Hard disk manufacturing involves multiple methods. The primary part of a hard disk is data storage platter. The first step in its manufacturing process involves extracting minerals (such as platinum that has to be separated from other metals and aluminum). The second step involves producing aluminum blanks, which are disks made of aluminum alloy which the magnetic coating would be deposited on. The next step is coating those blanks with phosphorus and nickel alloy, which is applied through an electrolysis process. The following stage of the production process involves polishing the platter multiple times so that the resulting material has the minimum level of flatness. Before any magnetic recording layers are applied, the disk is washed in specific chemical solutions in order to ensure that it is free from any particles. Final stages of manufacturing include applying magnetic under-layers, adding data storage layers, applying a carbon overcoat that serves as a protective layer, and final testing. Hence, hard disk manufacturing is a complex process that calls for a wide selection of raw materials that have different origins. Since production is very concentrated due to an economy of scale, major events such as flooding in Taiwan in 2011 that caused a 28% decline in worldwide HDD shipments may be detrimental for the industry. Hence, companies may, on the one hand, seek concentration of production locations and, on the other hand, seek diversification to avoid major damage that may be caused by unforeseeable events on the major manufacturing sites.
Competitive Environment within the Industry
The desktop HDD market is highly concentrated. At present, worldwide HDD market is dominated by three companies: Seagate, Toshiba, and Western Digital. Prior to the proposed merger, the situation was slightly different. Nevertheless, as measured by the Herfindahl-Hirschman index (4,200) the market is highly concentrated: together, WD and HGST comprise two-thirds of the market and account for 48% of the sales, and post-merger HII would be 5,000. Thus, the merger would increase the industry’s Herfindahl-Hirschman index by 800. Considering the fact that there are only three primary competitors in the industry, it is not possible to analyze the market using CR4 (four-firm concentration ratio) and CR8 (eight-firm concentration ratio).
Prior to the proposed merger, HGST behaved as the strongest market player that continuously improved manufacturing technologies and product quality. In 2010, when the company finally became profitable, it also served as the key driver of price-based competition that prevented other market players from increasing prices of their products. Furthermore, this division of Hitachi announced expansion of its desktop hard drive business. Other market players (such as Samsung) could not retain competitiveness in the market. Thus, HGST acted as a constraint on potential price increases and would have acted as a constraint after Samsung merged with Seagate. To conclude, competition in the market under analysis is based on innovation, quality and prices for similar products.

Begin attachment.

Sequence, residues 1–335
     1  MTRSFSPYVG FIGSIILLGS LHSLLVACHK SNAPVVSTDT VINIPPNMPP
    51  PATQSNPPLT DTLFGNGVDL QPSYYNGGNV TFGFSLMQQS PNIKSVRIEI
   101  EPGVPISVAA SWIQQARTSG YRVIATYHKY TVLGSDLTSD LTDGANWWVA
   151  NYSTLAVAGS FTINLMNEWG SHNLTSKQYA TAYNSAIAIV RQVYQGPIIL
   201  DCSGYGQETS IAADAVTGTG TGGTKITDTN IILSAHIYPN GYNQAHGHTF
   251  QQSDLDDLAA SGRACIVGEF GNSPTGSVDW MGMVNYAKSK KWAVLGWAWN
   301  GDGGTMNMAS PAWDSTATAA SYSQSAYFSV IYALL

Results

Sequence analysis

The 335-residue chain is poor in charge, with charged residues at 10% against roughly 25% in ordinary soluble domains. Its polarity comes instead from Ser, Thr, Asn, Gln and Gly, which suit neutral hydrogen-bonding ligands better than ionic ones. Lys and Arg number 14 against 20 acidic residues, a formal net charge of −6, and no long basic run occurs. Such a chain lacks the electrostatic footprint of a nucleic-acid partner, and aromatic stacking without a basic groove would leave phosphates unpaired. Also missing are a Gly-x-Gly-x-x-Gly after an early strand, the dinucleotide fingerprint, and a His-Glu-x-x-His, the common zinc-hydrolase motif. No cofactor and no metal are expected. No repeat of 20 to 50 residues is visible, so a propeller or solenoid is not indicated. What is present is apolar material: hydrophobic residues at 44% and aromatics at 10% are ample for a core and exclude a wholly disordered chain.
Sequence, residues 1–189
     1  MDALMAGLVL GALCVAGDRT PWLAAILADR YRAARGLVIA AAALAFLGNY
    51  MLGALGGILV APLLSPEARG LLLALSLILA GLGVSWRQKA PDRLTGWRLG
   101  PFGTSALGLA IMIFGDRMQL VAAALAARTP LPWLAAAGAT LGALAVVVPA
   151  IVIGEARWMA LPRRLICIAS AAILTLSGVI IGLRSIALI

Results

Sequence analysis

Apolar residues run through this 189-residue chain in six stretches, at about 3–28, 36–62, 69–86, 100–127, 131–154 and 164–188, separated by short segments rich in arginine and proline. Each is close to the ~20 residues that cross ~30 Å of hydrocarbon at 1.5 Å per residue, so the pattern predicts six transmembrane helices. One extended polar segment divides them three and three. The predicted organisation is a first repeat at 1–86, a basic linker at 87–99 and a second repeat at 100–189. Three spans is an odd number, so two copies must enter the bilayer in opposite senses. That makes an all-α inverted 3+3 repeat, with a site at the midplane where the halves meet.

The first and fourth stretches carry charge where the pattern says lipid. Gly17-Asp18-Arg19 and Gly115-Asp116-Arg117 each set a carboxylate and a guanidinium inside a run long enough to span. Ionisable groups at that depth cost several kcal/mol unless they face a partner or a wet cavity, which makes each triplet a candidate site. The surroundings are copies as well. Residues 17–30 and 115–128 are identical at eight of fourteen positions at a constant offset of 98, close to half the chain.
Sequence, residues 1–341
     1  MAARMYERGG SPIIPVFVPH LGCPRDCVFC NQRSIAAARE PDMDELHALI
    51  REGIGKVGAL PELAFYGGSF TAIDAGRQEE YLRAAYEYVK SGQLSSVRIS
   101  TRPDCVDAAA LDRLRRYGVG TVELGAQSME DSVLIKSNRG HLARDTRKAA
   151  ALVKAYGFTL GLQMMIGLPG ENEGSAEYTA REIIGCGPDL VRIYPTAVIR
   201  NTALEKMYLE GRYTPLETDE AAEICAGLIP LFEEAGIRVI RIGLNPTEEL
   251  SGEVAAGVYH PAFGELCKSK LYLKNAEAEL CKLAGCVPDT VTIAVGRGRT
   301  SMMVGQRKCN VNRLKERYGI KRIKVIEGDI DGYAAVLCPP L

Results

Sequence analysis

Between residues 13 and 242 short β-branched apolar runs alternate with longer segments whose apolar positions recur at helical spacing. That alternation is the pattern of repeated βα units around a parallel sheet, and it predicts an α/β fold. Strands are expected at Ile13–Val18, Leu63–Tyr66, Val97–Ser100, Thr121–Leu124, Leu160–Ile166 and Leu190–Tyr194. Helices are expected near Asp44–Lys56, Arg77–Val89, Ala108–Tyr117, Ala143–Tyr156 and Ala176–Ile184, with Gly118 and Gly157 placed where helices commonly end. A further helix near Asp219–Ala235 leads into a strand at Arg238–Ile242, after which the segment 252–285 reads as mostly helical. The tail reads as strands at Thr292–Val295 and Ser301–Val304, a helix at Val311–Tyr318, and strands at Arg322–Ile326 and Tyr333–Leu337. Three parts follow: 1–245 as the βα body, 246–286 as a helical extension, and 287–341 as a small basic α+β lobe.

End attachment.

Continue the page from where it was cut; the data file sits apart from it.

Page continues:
This section of the paper presents two arguments for and against the proposed merger. The proposed merger is in favor of the firms, but not in the interests of the society at large. These arguments explain the importance of competition and provide an explanation of the upsides and downsides of competition among desktop hard-drives manufacturers. The two proposed arguments explain different benefits offered by competition in the desktop hard-drive industry to the society.
The argument in favor of the proposed merger. Dynamic efficiency is an important characteristic of the desktop HDD market. This is the industry where innovation is the driving force of the market. Hence, companies that operate in this market need a rate of return that would allow them to compensate for research and development expenditures. Hard disk manufacturing industry is a good example of creative destruction – a concept advocated by Schumpeter. In this industry, one generation of products is replaced by another. Therefore, the primary need for consolidation in the industry is to decrease production costs and free resources that are to be redirected into research and development. By joining their manufacturing capacities, HGST and WD can offer the market products that cost less to produce. With growing popularity of laptops and tablet computers, the primary customers of desktop hard drives are businesses that need significant storage space and can afford purchasing non-portable computers. Therefore, the consumer market is small and customers can negotiate the price of the final product, especially with bulk orders. Thus, companies like WD and HGST need to merge in order to decrease buyer’s power.
Other arguments in favor of consolidation may include the necessity to diversify risks that are posed by potential breakdowns at primary production locations. The consequences of flooding in Taiwan included substantial increases in prices of desktop hard drives. The risk may be eliminated through diversifying production locations. The proposed merger provides market players with an opportunity to do so.